Monday, May 13, 2013

A Review of Biocentrism by Robert Lanza MD

When I was first exposed to The Book of Thomas from the exorcised Gnostic Gospels, what drew me to this set of writings was their purported direct quotations from the historical character of Jesus, which was their sole content. No comments or editorialising was included. What does this have to do with biocentrism you might rightfully ask? Over and over, these alleged quotations used the term "root", the root of this or the root of that.
Now consider the broader issue of faith and belief in all of it's written history, as well as the material sciences, parapsychology, metaphysics and even all the goofy populist infotainments of the paranormal....What is their root? What are they driving at in terms of having a common question answered?
 Robert Lanza MD in his book Biocentrism, according to E Donnall Thomas, the Nobel Prize winner, puts Lanza's tome simply, describing it as "A new way of looking at the old problem of our existence."
Again, simply put, in any theory of the root cause of the universe, there must be a coherent explanation of the origin or root cause of consciousness. If you are familiar with any of the myriad of theories that purport or attempt to explain the origin of the universe, you will find the two in relationship oddly separated or the entire root of the relationship between the two bypassed, as if to skip the origin of how the question is posed where not as equal as why it is, or even the answer itself, which would be undoubtedly wrong in error in any "theory of everything." if this chicken or egg mystery were not resolved.

And so going back to metaphysics, religion, material science, the paranormal, in this light we can see they are belief systems or articles of varying faith, more accurately, they are notations along the way in a human diary of a long journey to resolve the issue regarding the origin of the universe.
What Lanza manages to do in a highly readable manner is to turn many orientations of perspective on this issue upside down which is no mean feat. As Einstein said, a good question is worth more than a thousand answers and in posing a good question he manages to drill down into what material science knows, which does not amount to much ( in fact, nothing) in relation to the cause of the universe which is the core question of our existence. Essentially, the theory that Lanza proposes is revolutionary, and I do not want to provide you with a spoiler or some simplistic and reductionist explanation in ten words or less.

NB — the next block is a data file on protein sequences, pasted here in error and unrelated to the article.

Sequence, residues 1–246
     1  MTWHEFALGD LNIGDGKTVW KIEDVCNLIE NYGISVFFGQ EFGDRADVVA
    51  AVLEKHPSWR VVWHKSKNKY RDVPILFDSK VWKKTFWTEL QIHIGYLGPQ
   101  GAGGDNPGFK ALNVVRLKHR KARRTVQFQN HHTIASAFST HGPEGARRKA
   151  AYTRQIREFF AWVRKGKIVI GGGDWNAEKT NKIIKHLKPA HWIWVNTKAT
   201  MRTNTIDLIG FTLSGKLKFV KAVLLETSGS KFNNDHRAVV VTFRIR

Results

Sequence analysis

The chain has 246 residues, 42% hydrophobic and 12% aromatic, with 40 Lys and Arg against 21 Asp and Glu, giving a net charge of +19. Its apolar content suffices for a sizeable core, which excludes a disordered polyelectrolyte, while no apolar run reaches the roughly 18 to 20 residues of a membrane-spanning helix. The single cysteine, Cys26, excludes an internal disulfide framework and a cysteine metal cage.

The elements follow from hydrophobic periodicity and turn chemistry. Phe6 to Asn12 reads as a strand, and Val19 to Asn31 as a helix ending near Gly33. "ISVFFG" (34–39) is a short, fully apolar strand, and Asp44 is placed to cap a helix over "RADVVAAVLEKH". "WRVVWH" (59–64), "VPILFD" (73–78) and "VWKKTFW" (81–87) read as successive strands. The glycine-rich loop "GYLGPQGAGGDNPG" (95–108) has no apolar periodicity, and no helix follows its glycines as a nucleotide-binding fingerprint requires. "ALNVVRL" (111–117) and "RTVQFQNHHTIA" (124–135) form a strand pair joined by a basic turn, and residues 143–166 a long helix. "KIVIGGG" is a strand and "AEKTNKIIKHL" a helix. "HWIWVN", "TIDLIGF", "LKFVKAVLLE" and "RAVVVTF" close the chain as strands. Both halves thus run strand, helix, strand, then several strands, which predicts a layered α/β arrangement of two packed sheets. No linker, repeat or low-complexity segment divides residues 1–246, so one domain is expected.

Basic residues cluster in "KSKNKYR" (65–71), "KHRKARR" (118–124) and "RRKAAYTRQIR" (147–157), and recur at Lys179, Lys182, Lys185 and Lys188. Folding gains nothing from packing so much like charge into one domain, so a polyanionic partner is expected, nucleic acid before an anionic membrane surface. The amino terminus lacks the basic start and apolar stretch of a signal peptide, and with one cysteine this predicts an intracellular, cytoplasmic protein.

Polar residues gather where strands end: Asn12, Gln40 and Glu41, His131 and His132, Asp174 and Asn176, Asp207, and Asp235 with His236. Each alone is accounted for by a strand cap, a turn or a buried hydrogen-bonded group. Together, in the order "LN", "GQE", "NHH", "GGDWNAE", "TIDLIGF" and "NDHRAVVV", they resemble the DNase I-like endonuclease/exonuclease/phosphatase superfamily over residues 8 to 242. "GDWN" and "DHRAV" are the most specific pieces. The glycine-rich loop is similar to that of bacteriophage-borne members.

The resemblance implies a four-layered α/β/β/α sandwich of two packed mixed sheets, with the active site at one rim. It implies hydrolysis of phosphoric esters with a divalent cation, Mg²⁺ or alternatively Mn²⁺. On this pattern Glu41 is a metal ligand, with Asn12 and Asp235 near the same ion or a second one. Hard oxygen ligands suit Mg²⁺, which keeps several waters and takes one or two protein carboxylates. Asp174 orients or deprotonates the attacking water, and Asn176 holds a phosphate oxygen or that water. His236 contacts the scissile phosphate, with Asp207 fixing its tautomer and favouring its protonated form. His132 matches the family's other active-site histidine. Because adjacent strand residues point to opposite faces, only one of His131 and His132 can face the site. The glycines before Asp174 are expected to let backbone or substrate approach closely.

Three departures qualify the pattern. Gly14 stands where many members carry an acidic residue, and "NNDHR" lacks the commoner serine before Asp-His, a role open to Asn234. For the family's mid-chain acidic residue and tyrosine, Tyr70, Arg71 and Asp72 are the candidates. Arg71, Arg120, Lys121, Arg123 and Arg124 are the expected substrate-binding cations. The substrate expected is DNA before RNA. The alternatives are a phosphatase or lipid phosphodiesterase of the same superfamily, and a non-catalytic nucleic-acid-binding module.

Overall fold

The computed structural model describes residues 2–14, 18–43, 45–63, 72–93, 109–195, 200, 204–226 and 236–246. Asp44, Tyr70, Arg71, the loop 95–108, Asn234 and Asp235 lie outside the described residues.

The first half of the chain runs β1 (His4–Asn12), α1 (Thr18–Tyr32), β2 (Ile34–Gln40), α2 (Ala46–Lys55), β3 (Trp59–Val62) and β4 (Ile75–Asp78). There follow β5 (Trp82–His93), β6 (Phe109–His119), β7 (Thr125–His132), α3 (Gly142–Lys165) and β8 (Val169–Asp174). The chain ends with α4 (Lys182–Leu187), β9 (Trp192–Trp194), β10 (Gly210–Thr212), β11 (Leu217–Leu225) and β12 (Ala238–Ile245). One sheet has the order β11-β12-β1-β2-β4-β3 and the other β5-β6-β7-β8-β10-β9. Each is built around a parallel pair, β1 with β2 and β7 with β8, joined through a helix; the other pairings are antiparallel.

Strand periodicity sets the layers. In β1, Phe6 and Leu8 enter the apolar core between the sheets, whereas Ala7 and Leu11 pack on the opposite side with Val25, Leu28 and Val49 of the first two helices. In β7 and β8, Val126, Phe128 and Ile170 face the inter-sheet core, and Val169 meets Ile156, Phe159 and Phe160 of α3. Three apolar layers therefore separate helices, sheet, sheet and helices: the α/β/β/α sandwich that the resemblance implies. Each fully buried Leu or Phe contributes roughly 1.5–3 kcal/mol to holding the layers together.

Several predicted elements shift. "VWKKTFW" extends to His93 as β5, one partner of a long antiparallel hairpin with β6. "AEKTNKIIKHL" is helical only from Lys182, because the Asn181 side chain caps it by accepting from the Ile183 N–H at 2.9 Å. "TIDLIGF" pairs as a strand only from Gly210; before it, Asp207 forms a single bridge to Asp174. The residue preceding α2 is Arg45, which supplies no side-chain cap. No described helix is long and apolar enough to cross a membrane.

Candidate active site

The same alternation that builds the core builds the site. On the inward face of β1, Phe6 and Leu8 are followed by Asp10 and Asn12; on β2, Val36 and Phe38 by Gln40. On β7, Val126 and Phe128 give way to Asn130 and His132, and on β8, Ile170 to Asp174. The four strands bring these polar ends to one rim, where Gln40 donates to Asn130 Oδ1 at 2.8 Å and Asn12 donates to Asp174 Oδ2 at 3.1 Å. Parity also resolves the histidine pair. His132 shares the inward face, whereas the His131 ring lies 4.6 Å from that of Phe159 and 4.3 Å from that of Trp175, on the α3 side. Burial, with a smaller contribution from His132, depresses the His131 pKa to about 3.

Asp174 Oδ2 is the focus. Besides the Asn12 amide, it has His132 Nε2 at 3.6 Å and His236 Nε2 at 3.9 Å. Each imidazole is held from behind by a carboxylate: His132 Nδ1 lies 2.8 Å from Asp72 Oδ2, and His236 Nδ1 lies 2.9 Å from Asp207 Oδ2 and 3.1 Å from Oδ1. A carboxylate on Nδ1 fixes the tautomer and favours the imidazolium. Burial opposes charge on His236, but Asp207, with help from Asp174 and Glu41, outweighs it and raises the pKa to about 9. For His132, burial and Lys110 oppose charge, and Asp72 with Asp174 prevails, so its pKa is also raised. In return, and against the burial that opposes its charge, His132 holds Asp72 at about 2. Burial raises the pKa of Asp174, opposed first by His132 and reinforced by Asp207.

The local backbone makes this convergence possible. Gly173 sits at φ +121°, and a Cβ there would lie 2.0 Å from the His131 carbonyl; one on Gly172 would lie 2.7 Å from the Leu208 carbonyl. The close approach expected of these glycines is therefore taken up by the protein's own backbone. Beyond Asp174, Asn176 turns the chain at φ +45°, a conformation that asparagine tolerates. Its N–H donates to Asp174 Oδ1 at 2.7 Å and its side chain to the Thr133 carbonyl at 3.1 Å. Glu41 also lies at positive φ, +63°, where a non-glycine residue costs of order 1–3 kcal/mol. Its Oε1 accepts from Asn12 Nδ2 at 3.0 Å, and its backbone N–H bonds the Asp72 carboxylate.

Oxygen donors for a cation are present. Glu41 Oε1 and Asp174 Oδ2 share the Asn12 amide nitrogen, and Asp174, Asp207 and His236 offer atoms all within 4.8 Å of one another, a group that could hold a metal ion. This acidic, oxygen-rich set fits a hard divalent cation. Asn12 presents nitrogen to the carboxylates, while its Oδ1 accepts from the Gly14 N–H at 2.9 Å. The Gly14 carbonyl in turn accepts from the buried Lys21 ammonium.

I highly recommend this book to any human being with a modicum of brain cells, or better yet, those with an innate curiosity regarding the full spectrum of the issues posed by the fact that we exist.
Four Stars out of Four.

BTW..I decided to do these reviews as a variation on the previous content, not that reviews will become solely the content, so since there haven't been any comments I naturally wondered if these reviews have been interesting or sort of a redundancy. Feel free to share your thoughts. They are appreciated and I do listen. You also may have noticed a change to a simpler writing style based on your feedback. 


  1. I think they have been interesting. I tried to comment to some earlier posts but couldn't (due to my own browser issues). After reading the review of Philip K. Dick's "Exegesis" I went to the library that same day to check out VALIS. (Not to mention how I never expected to see an R. Crumb picture in your blog!)
    Also, thanks for the heads up on the TED issue with Graham Hancock & Rupert Sheldrake! Besides introducing me to the latter two, I hadn't heard how TED gave into pressure from Richard Dawkins and/or his cronies.

  2. Sean
    Thanks for the feedback and R Crumb is one of my favorite artists as well as his Cheap Suit Serenaders. I haven't confirmed this myself, but I heard that one or more of the lectures were reinstated. In a way this a good prognosis of these witch hunts by the closed mind police being defeated, if this is true.